Could modified heparin promote myelin repair?

Photo of glass bottles in a lab

Lead researcher: Professor Sue Barnett

Based at: University of Glasgow

Grant we awarded: £150,362

In MS the protective myelin coating around nerve cells is damaged. Our bodies have the ability to repair myelin, but unfortunately in MS this process becomes less effective over time.

Researchers have discovered that myelin repair can be boosted in the lab using a modified version of the blood thinning drug heparin. It could also help to protect nerves from damage.

What happens in this project?

Our scientists will investigate the potential benefits of modified heparin in animal model of MS. They also compare the benefits of giving the drug orally or as an injection.

How will it help people with MS?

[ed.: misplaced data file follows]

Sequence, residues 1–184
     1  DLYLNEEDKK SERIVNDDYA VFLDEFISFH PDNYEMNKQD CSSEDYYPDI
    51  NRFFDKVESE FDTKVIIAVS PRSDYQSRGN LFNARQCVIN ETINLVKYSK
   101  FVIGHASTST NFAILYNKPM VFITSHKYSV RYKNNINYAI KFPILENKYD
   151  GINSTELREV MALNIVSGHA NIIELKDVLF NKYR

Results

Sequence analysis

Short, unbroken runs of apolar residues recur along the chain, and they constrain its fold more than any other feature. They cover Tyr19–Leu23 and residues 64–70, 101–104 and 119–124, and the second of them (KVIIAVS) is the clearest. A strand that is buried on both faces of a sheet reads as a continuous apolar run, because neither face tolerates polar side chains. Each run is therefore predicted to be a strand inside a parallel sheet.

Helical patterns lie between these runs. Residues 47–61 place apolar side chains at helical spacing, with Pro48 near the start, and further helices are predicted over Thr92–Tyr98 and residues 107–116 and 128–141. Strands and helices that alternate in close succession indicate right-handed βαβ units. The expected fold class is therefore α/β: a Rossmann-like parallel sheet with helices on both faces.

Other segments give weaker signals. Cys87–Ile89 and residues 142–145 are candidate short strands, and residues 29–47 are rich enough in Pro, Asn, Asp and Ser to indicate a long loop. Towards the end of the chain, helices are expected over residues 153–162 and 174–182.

If modified heparin can myelin repair and protect nerves from damage in mice then it can be tested as a treatment for all forms of MS.

Because other forms of heparin have safely been used as medicines for many years it could go through clinical trials more quickly than other drugs.

The difference you can make

There are currently no treatments available to help repair damage caused by MS. We need to support innovative research like this if treatments are to be reality.

The next research breakthrough is in reach

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£30could process one blood sample, giving us crucial information about genes that could lead to treatment breakthroughs

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£10a month could pay for lab equipment like microscope slides to study the building blocks of MS

£20a month could pay for lab equipment like petri dishes to grow bacteria important for studying genetics

£30a month could process a blood sample to help us understand what causes MS, so we can stop it in its tracks

Your regular donation means we can keep funding world class MS research with confidence. Together we will stop MS.

Photo: young girl with MS sits in hospital chair smiling at male nurse